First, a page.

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SOP for Publishing my Daily, Mini Podcast

I like to imagine that when Thomas Jefferson finished writing the Declaration of Independence, he sat back in the swivel chair he invented, smiled, and sighed a big sign of relieve.

The same thing goes for when Walter Cronkite finished his first TV broadcast, JK Rowling finished Harry Potter and the Goblet of Fire, and Simone Biles stuck the landing in her last Olympic gold medal performance.

Not that anything I’ve done is anywhere close to the same level of any of those things…but I’ve finally done it. I hit the proverbial “publish” button on my new daily podcast.

I’ve been sitting on it for a while, saying that it’s not as good as I’d like it to be. That I don’t have as many episodes banked as I’d like. That I don’t have a rock solid process in place.

All of those are poor excuses though. I so I finally hit publish.

It starts Monday, October 2nd, a week where I’ll be away at a conference called CaboPress.

…not that it matters much, because I have a whole process in place that I’m going to share with you — how I started, and where I’ll go from here.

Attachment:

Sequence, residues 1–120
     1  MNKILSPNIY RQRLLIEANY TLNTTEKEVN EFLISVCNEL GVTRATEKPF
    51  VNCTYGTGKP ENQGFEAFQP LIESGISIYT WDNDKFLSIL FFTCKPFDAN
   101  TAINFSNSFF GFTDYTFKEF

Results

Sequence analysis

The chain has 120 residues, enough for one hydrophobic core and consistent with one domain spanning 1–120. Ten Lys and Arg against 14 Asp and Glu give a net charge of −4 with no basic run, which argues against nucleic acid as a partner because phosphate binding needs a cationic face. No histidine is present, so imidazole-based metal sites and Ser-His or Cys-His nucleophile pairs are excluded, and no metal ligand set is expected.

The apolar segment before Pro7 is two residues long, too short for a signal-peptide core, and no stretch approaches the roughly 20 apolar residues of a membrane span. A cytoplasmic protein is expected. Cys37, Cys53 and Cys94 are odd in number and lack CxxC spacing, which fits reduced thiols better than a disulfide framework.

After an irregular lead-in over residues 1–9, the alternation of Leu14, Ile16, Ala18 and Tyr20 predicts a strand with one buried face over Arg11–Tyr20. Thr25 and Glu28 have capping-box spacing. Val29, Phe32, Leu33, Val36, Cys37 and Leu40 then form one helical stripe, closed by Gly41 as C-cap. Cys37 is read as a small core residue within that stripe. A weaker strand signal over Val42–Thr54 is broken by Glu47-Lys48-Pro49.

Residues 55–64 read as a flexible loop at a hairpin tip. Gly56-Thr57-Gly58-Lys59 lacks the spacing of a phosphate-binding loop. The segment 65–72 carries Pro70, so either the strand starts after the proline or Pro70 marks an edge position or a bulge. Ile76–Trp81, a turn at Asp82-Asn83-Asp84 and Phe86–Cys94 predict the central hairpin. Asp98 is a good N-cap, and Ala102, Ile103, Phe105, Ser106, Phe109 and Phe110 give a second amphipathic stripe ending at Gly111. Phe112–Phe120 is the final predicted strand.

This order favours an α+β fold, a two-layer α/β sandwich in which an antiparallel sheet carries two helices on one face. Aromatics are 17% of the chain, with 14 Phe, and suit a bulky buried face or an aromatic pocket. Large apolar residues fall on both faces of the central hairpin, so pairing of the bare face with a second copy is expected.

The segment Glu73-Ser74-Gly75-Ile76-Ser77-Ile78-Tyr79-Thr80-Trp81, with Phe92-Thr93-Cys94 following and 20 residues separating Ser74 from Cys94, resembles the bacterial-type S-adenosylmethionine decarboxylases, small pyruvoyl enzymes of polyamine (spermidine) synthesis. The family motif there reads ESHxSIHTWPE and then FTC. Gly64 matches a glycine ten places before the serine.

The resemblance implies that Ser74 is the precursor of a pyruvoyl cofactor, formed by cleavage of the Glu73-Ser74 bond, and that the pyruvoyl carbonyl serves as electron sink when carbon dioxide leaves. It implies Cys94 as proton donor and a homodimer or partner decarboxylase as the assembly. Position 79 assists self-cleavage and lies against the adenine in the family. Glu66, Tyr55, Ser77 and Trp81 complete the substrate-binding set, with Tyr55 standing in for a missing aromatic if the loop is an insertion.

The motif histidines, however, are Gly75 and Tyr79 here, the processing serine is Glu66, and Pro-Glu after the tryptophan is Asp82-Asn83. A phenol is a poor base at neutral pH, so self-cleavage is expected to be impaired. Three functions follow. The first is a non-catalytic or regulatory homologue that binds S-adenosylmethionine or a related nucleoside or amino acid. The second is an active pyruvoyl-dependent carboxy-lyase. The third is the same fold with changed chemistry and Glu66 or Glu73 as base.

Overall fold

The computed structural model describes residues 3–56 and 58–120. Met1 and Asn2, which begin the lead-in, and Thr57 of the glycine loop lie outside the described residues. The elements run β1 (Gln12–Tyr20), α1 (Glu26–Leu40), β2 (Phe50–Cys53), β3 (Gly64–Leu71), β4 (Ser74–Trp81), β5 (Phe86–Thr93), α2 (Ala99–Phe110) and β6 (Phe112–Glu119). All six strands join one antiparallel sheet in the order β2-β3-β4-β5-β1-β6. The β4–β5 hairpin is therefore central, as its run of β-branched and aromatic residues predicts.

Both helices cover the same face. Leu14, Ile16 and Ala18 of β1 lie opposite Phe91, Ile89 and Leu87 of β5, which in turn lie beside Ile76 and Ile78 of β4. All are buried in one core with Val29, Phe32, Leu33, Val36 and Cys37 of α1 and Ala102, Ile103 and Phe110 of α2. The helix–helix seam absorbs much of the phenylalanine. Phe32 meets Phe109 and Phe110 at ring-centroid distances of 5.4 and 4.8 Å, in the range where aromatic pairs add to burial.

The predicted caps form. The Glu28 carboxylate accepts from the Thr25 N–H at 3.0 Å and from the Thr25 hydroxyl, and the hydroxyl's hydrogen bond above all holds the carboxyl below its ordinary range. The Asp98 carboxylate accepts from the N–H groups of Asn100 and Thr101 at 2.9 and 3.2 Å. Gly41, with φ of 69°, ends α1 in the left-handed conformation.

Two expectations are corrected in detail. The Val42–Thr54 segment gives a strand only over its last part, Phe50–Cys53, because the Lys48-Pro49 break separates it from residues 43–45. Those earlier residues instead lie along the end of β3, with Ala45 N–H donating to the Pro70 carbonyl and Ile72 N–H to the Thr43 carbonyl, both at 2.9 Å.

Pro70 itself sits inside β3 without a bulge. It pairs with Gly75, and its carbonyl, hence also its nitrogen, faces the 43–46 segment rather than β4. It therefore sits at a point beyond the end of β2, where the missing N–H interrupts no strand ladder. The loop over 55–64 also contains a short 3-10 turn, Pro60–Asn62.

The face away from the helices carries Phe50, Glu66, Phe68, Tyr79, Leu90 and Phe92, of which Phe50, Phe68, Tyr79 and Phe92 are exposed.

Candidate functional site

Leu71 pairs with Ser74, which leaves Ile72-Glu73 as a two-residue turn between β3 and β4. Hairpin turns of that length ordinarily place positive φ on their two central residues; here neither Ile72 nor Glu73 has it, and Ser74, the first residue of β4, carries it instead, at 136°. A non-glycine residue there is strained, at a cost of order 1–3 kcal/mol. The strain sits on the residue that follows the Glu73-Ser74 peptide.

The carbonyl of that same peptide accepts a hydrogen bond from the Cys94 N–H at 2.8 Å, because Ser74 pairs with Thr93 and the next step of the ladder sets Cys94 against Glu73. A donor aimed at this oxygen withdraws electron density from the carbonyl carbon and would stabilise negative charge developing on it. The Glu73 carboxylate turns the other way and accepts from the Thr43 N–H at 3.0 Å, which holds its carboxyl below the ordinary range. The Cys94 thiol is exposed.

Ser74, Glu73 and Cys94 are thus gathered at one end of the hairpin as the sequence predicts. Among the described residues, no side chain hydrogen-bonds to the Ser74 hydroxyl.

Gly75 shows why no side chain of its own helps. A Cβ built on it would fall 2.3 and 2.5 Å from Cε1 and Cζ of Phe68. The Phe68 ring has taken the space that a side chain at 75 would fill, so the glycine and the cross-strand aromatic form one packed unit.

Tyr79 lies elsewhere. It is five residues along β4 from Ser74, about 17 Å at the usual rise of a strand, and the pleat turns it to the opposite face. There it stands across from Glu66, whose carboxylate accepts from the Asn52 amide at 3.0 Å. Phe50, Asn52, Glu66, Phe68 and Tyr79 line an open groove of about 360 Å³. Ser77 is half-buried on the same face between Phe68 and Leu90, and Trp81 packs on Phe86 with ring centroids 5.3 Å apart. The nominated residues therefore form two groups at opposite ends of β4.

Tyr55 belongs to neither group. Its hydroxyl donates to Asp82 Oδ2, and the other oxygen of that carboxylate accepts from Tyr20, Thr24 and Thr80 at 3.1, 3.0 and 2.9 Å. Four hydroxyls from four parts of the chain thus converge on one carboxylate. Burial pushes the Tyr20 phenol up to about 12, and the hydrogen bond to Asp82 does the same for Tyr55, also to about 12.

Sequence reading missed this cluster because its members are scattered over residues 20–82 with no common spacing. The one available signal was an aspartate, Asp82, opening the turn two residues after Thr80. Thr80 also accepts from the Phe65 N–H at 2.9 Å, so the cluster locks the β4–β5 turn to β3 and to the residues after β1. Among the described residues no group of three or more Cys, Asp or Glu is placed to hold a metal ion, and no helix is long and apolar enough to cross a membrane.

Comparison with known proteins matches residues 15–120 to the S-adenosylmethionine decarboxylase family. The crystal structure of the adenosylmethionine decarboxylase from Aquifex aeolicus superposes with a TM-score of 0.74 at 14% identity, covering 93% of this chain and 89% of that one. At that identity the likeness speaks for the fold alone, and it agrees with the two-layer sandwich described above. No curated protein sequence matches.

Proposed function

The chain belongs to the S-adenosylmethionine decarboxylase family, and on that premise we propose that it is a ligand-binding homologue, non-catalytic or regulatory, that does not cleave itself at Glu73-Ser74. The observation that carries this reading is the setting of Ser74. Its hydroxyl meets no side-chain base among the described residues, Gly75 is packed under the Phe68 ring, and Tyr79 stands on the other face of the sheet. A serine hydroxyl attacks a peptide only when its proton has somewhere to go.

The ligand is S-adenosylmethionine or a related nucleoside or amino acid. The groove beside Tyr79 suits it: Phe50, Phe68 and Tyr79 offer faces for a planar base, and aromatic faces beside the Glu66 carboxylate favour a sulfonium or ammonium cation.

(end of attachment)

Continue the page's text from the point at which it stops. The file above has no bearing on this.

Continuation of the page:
I also have some announcements about the membership at the end!

This rest of this post is for members-only. Sign up here for access


Creating a Solo Episode – Recording and Editing

I’m working on a longer form series on how I create solo episodes, which will likely go on Medium. But I’d like to publish the parts here, as I write them.

As the baseball season winds down (for Yankee fans, anyway), I find myself thinking about the process of the sport as it relates to publishing my podcast.

Like many things in life, both have a number of moving parts and contexts in which you want to change your approach.

For example, in baseball, you have pitching coaches and hitting coaching. More granularly, they also have infield coaches and outfield coaches.